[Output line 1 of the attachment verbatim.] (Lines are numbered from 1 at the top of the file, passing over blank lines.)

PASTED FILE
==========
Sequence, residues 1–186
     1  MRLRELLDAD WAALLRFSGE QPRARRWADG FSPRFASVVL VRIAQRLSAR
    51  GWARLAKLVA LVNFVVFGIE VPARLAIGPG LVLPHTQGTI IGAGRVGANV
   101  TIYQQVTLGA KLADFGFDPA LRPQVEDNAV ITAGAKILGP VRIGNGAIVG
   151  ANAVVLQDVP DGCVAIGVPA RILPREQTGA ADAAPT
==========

Sequence, residues 1–186